The Choice is Yours . . . Or Is It?
Did you choose God or did He choose you?
Did God ordain your life so that you would end up in heaven, or did you willfully accept the salvation he offered?
This is a debate that has raged for centuries in churches and Christian circles. Some would argue that God arranged all the events of history, from start to finish, and you and I are merely actors on a stage, delivering our lines with no real choice to do so or not. They point to Scripture like Ephesians 1:5 or Romans 9:11-24 and ask how any person “dead in [their] transgressions and sins” (Ephesians 2:1) could ever quicken themselves to choose God.
Others counter that we are moral free agents, and that God doesn’t force anyone to accept Him or reject Him but leaves the choice up to each one of us. They quote I Timothy 2:4 and II Peter 3:9, saying that God “wants all men to be saved” and doesn’t want “anyone to perish” and thus wouldn’t choose hell for anyone, and cite repeated scriptural calls to believe or receive the gospel.
Who’s right? Is it that simple of a question? And does it really matter?
First, I think we need to clear up a common point of confusion. Romans 8:29-30 states, “For those God foreknew he also predestined to be conformed to the image of his Son, that he might be the firstborn among many brothers and sisters. And those he predestined, he also called; those he called, he also justified; those he justified, he also glorified.” Too often, I hear people conflating foreknowledge and predestination. But the two are shown here to be sequential—God’s predestination follows His foreknowledge.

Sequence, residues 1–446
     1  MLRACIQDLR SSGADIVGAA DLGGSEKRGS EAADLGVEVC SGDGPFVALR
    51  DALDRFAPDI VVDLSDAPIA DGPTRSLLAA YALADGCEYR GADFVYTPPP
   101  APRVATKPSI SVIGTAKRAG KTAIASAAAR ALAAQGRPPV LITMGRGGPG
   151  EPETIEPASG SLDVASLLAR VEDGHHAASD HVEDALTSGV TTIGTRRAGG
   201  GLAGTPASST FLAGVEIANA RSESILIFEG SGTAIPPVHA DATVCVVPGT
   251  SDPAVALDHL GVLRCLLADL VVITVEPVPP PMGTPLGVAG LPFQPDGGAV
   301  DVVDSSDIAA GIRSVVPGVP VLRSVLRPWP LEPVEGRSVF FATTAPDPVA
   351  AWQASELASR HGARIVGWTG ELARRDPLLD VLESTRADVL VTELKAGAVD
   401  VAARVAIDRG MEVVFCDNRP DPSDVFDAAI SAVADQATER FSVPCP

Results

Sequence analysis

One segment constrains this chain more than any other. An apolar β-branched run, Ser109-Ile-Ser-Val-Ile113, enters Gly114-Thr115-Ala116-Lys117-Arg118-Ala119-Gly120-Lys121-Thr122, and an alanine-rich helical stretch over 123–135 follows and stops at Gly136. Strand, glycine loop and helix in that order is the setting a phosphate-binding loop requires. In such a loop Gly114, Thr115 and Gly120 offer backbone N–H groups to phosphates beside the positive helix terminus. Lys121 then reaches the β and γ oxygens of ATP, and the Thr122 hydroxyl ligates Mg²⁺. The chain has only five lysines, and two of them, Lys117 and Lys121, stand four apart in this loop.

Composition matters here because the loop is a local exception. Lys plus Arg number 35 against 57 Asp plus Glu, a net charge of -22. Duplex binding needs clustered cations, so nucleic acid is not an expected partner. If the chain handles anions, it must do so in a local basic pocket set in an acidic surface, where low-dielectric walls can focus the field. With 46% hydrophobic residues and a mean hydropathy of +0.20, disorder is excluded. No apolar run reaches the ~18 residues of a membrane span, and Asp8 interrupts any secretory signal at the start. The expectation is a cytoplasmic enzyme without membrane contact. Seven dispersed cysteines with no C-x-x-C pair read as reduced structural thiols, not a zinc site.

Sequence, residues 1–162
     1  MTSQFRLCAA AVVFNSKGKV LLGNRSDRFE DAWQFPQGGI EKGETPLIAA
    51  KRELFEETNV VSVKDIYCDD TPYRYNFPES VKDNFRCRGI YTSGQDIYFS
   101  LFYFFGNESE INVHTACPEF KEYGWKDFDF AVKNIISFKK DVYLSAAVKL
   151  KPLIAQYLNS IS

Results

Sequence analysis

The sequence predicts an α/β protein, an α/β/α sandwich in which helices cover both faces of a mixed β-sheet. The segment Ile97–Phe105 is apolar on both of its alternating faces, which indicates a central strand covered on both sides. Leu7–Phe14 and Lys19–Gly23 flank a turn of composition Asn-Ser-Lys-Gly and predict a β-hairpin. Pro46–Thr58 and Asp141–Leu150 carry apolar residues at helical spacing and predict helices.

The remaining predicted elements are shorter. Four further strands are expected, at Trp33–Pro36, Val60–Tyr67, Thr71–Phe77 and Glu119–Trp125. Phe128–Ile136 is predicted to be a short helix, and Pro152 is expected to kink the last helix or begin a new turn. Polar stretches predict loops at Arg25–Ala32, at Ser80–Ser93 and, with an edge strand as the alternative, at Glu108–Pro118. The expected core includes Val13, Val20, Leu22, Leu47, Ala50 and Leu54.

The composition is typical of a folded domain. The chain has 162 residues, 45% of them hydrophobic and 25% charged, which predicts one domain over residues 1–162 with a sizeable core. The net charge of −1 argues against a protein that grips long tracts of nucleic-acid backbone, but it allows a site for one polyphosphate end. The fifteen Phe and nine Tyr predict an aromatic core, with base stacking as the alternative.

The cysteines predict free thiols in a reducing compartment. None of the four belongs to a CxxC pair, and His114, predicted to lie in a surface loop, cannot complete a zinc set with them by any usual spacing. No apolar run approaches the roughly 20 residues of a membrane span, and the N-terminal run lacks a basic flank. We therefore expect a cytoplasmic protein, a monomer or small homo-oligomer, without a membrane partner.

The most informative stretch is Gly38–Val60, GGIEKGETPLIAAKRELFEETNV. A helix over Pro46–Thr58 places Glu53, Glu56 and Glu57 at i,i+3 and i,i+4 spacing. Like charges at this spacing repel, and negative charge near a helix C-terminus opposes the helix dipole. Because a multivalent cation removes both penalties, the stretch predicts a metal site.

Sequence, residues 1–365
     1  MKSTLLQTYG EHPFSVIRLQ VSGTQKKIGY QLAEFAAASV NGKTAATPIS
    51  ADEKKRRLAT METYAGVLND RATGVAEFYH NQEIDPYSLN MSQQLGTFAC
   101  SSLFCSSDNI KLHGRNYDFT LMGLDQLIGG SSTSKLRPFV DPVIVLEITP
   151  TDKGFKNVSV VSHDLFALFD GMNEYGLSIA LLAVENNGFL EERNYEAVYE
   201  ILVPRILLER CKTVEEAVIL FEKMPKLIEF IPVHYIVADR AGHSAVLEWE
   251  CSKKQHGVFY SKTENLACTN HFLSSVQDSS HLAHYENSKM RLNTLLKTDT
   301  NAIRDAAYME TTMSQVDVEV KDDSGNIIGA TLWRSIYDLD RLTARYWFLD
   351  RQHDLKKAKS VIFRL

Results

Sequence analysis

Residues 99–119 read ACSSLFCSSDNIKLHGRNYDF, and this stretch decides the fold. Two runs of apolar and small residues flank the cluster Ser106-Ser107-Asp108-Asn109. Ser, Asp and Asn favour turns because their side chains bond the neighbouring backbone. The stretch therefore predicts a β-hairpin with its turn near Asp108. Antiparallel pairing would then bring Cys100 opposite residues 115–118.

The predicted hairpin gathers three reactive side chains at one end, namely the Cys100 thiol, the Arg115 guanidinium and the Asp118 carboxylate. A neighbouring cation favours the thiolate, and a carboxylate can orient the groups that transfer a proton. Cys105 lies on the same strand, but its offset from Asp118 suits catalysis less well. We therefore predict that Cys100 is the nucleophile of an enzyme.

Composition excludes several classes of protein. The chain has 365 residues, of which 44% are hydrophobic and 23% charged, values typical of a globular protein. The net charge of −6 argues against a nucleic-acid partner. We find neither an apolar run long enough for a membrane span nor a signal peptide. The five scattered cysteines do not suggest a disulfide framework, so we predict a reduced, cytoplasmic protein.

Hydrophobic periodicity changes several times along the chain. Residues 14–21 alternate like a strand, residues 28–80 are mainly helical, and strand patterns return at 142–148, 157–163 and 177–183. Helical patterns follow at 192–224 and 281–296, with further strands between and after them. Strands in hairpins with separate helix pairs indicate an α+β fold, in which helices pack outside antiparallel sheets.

Let me give you an example as means of illustration. It isn’t perfect, but it hopefully clears a somewhat muddy stream. I’m a huge college football fan, particularly of the Nebraska Cornhuskers. I inherited my love for the Huskers from my grandpa. When we get together, we often watch old VHS “films” of past Nebraska games. I’ve watched some of the more legendary contests, such as the 1995 Orange Bowl, a dozen or more times. Now, imagine for a moment that you and I sat down to watch the tape of that game, and midway through the third quarter, I told you the following: Nebraska will switch quarterbacks, score two touchdowns on back-to-back drives, convert a two-point attempt, and intercept a pass to turn a 17-9 deficit into a 24-17 victory. Then I gave you the play-by-play breakdown that would ensue and quoted, word-for-word, some of the commentary by the broadcasters (Yes, I could actually do it). Then you sat beside me and watched it all play out exactly as I said it would, down to the specifics of each play and verbatim commentary. Having just witnessed me looking into the future and predicting what would happen with great specificity, would you conclude that I had in any way impacted the outcome of the game?
Now, I realize this is a flawed example in that the future I’m speaking of is actually an event from 20+ years ago being replayed, and thus not really the future. (Nor am I omnipotent.) But the analogy shows how God isn’t bound by linear time constraints. He exists outside of time and space, and thus is able to see the beginning from the end. Just as I know what is going to happen in the future (because I’ve seen the game previously), God knows what is going to happen in the future (because He’s seen “the game” in the future). And just as my knowledge in no way impacts the event, so God’s knowledge of what will happen doesn’t necessarily impact what does happen.
Let me offer another example. You walk into the kitchen to get something to drink. You open the refrigerator and are faced with a choice between water and milk. You choose milk. From before the creation of the world, God knew you would choose milk. Had you chosen water, He would have known that. Either way, He didn’t make the choice for you. He merely knew ahead of time what choice you would make because, again, He isn’t bound by linear time constraints as we are.
Apply that now to far more substantial topics than football games and refreshments. From the beginning of the world and even before, God knew which humans would choose to receive His gift of eternal life and which would reject it. Foreknowledge—that is, knowing ahead of time—and predestination—that is, determining what will happen—are two very different topics. Just because God has foreknowledge, doesn’t mean He predestined something to happen.